Contempt is the sledge hammer by which the Court, enforces its will upon those before it, or within it. It is draconian, and on occasions unfair, but it is a necessary tool, by which the Court, can ensure that its orders are obeyed.
Not all breaches of an order are contemptible, fail to pay your bills, get a County Court Judgement against you, requiring to pay in 21 days, if you don't pay you will not be in contempt. You won't generally even fall within the Debtors Act 1869, which abolishes imprisonment generally for debt, but does allow it in certain circumstances.
Every person who is accused of contempt of court, is entitled to free representation, on a non means, non merits basis. As such even Prince Charles if accused of contempt, could pop along to his local high street firm, and obtain free representation from any firm in the country.
A common misconception particularly by civil firms is that they must have a criminal contract. That misconception is clearly not correct and one that must be remedied. Any firm whether it has a legal aid contract or not, and or whether it is civil or criminal, makes no difference, legal aid is available for all, no matter what. The guidance is relatively clear in the LAA guidance.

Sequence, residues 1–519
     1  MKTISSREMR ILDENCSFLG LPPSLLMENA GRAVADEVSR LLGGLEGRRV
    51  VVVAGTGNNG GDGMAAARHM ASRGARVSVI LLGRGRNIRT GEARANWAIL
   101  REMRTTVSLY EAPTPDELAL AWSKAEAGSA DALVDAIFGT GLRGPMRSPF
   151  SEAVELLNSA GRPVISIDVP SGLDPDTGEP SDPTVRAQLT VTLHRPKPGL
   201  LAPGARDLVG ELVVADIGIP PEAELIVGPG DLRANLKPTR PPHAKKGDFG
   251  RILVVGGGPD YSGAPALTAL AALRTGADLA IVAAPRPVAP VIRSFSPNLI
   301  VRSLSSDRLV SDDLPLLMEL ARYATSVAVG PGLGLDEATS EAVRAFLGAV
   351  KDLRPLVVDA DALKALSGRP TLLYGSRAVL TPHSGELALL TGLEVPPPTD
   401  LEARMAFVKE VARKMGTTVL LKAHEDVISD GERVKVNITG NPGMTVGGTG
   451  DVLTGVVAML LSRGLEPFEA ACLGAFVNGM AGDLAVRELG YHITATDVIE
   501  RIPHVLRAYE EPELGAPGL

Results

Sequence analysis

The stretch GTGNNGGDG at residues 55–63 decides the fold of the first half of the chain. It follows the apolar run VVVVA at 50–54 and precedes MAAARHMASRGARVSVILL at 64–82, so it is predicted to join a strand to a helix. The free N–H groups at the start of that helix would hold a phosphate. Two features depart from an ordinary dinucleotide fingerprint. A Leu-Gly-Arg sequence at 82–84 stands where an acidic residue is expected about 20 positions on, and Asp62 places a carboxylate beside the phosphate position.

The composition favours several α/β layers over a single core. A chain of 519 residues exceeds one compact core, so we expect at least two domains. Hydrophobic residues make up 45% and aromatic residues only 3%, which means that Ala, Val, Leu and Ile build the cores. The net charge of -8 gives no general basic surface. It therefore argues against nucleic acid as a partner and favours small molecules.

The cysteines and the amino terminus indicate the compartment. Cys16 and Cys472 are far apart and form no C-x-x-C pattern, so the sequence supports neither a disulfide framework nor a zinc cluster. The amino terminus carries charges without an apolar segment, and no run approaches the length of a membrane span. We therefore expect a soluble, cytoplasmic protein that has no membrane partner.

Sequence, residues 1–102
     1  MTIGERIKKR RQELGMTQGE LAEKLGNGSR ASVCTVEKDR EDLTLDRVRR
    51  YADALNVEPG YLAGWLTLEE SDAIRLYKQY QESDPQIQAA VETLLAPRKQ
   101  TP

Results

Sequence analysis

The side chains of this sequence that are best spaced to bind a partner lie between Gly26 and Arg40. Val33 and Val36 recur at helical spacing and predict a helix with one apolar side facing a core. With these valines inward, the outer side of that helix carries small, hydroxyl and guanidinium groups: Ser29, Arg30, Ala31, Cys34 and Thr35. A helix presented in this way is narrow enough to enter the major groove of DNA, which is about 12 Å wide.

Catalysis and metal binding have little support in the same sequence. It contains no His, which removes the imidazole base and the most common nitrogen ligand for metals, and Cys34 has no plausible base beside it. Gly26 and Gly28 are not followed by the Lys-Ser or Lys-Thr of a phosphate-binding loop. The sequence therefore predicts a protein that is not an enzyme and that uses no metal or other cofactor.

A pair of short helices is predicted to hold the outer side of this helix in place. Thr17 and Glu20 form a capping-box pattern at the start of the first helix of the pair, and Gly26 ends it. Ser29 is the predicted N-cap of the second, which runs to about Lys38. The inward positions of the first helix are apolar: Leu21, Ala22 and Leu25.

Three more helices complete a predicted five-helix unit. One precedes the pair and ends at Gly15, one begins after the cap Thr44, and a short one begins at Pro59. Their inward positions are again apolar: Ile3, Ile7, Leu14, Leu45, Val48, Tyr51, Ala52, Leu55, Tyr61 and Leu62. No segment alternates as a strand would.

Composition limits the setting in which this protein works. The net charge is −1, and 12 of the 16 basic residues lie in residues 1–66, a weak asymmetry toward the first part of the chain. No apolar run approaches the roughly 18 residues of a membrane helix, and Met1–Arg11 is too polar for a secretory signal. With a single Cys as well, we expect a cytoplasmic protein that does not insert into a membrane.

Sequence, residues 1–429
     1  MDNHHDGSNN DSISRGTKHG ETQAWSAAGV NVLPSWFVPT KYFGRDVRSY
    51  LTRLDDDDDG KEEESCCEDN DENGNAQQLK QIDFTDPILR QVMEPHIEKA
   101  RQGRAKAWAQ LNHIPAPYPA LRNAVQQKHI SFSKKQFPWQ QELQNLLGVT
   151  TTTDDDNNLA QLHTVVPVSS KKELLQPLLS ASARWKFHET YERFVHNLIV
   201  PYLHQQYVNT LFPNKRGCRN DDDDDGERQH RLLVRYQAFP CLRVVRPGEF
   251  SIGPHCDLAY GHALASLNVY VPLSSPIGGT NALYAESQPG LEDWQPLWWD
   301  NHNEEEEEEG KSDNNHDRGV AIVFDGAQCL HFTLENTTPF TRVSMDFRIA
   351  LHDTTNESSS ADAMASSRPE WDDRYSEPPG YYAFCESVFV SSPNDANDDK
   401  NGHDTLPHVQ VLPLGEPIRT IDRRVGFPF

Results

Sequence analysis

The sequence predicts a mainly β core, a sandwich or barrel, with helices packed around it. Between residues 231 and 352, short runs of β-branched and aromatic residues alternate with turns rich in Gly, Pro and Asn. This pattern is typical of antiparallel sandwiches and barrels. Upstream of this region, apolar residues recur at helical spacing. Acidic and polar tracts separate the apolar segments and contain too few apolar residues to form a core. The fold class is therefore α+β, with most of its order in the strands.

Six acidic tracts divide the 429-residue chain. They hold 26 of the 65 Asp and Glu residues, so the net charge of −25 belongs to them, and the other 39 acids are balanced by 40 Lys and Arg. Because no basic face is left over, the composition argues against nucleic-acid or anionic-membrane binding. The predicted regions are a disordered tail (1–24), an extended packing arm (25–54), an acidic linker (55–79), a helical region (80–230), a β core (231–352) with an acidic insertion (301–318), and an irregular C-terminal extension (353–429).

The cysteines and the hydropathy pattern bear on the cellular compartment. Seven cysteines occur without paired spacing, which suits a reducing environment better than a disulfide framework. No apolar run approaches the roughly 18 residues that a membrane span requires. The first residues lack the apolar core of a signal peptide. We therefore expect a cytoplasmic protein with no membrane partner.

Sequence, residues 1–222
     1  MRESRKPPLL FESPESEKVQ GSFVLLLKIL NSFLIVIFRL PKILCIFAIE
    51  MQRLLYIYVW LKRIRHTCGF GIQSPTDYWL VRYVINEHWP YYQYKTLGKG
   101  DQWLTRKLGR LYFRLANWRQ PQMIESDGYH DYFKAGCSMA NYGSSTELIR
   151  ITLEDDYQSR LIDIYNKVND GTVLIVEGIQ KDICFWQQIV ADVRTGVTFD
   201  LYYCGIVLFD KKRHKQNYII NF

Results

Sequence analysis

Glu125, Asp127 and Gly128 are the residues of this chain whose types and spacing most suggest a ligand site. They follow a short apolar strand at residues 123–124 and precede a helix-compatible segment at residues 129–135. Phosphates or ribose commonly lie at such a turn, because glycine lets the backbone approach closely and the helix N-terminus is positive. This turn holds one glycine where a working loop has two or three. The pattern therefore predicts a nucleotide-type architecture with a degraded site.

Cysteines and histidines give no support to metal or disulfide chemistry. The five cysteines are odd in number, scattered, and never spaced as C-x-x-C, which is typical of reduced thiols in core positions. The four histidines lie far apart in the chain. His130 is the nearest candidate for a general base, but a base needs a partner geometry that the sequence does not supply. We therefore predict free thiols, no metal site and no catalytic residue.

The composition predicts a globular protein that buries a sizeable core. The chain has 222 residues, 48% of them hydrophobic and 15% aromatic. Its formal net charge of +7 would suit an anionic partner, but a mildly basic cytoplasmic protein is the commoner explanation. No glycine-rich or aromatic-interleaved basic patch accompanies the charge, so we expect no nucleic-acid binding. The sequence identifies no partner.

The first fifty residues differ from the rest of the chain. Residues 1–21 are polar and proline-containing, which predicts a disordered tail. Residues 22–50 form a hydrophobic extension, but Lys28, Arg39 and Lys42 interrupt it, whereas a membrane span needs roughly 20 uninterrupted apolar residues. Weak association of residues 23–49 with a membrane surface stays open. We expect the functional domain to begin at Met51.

Once a party has representation and an advocate of their choice, they have further rights. The right to silence, the right to reasonable time for preparation of their case, the right to know the case against them, and most importantly the right to have the case against them proved beyond all reasonable doubt.
CPR 81, and its Practice Direction, are vital essential check lists of what will or will not make a fair trial. Specialist litigators and advocates should also have access to the leading text books such as Arlidge, Eady & Smith on Contempt or Borrie and Lowe: The Law of Contempt which offer insight into more specialist parts of the area of law.
The Debtors Act 1869, provides the general accomplishment of prison for debt, with exceptions contained within Section 4, which provides for up to a year imprisonment if you fall within. Section 5, reserves the right to imprison for up to six weeks, for certain debts normally related to family matters. It is important to note that the six weeks does not extinguish the debt, and indeed, you can be imprisoned again, and again until you pay the debt.
The law also provides that not all orders to pay, or transfer money falls within the Debtors Act. For instances an order to pay money into Court does not provide for the protection within the Debtors Act. Only monies which are ordinary debts, and or paid to the Claimant fall within the protection.
If accused of a contempt, as soon as you receive the papers, contact a litigator, ask for legal aid, and get them the papers, so they can apply. Within 24 hours they should be able to obtain funding, and go on record for you with the Court. Often the first attendance will be to make arrangements for the final hearing. If found guilty or an admission is made, the case will normally be adjourned in order to obtain the necessary mitigation statements in the matter.
Do not delay seeking a lawyer to assist you, that each day you wait is a reduction in the discount given to you, should you wish to admit the offending behaviour. For more guidance please see the pages on contempt.
Adam is a solicitor advocate, and regularly appears in the High Court and Court of Appeal dealing with some of the most complex and interesting public law cases.